An Eye for Art: Focusing on Great Artists and Their Work: This family-oriented art resource introduces children to more than 50 great artists and their work, with corresponding activities that inspire artistic development, focused looking, and creative writing. Download the book to delve into art from different periods grouped around seven themes: Studying Nature, Exploring Places, Examining Portraits, Telling Stories, Observing Everyday Life, Questioning Traditions, and Playing with Space.

Look Together Make connections with art and with one another by using these conversation starters online. This resource guides you in selecting a work of art, sharing your observations, and making comparisons together.

NGAkids App for iPad: contains eight interactive activities that draw upon works in the Gallery’s collection, with a sketchbook for freehand drawing and a personal exhibition space for saving and displaying art created with the program. The child-friendly interface, easy-to-use tools, and overarching emphasis on discovery, careful looking, and artistic self-expression make this app educational and fun for the whole family. It is suitable for all ages.

Streaming Videos: Stuart Davis: In Full Swing: Narrated by John Lithgow, this 30-minute, closed-captioned documentary surveys the career of the American artist Stuart Davis and includes original footage shot on location in New York and Gloucester, Massachusetts; interviews with scholars and a musician; images of Davis’s paintings; and archival footage and photographs of the artist.

Pre-K and Kindergarten Lessons and Activities: Inspire creativity in your pre-K and kindergarten-aged kids through various hands-on art activities. Download coloring pages of works in the Gallery’s collection for extra fun.

Grades 1 and 2 Lessons and Activities: These popular lessons cover the basic elements of art and other interdisciplinary activities. For instance, the unit on line in the series draws inspiration from Frank Stella’s Jarama II and guides students in making abstract line art.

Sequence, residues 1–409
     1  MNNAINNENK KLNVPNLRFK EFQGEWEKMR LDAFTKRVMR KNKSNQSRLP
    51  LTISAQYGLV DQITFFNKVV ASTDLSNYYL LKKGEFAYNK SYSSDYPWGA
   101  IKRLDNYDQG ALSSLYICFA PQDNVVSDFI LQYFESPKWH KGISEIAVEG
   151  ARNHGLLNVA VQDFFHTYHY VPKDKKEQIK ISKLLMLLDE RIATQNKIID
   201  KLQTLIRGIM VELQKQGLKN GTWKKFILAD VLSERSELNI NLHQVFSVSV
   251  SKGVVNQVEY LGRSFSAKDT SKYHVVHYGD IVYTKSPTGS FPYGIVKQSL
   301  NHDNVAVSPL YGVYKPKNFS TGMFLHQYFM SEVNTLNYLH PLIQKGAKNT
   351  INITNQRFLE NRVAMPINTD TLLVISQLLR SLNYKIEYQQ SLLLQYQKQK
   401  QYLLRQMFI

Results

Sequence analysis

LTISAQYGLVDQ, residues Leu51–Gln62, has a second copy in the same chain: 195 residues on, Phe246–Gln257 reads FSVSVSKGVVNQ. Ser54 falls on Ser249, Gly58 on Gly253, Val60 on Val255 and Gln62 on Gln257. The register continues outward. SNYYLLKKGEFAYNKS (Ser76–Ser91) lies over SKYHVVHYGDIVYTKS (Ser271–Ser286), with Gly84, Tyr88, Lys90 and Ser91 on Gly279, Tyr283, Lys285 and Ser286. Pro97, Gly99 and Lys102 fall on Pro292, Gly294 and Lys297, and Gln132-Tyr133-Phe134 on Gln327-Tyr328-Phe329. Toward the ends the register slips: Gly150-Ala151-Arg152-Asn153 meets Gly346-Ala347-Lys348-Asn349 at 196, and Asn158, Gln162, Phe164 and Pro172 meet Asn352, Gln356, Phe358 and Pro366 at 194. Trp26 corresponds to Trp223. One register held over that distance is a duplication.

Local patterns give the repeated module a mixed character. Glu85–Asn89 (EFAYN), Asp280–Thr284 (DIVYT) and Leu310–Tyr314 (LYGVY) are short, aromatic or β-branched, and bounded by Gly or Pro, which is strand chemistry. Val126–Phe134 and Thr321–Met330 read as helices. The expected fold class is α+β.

Grades 3 to 5 Lessons and Activities: These expanded lessons connect art with writing, math, science, and history. For example, in the Two Faces of Paul Gauguin, you can learn more about the life of that artist and how to create a symbolic, collage-style self-portrait inspired by his.

The Art of Romare Bearden: Become inspired by the work of this preeminent African American artist. Discover the places where he lived and worked (the rural South, Pittsburgh, Harlem, and the Caribbean) and the themes he explored through his art (including religion, jazz and blues, history, literature, and the realities of black life). Scroll through this book to write poems, make collages, and organize your own exhibition. Find and download other guides here.

Uncovering America Uncover what it means to be American through art at the Gallery. Discover compelling stories of creativity, struggle, and resilience in this set of resources for K–12 educators featuring works that reflect the richness and diversity of the people, places, and cultures of the United States. Encourage creative, critical, and historical thinking in your students as you examine works of art from the country’s creation to the present day. Eleven thematic modules include Expressing the IndividualPeople and the Environment, and Activism and Protest.

Digital Programming from The National Archives

National Archives Virtual Program Newsletter

Issue #1, March 24, 2020

Issue #2, April 7, 2020

Issue #3: April 21, 2020

Issue #4: May 5, 2020

Issue #5: May 19, 2020

Issue #6: June 9, 2020

Issue #7: June 16, 2020

Issue #8: June 30, 2020

Issue #9: July 14, 2020

Issue #10: July 28, 2020

Issue #11: August 11, 2020

Issue #12: August 25, 2020

Issue #13: September 15, 2020

Issue #14: September 29, 2020

Issue #15: October 14, 2020

Issue #16: October 27, 2020

Issue #17: November 10, 2020

Issue #18: November 24, 2020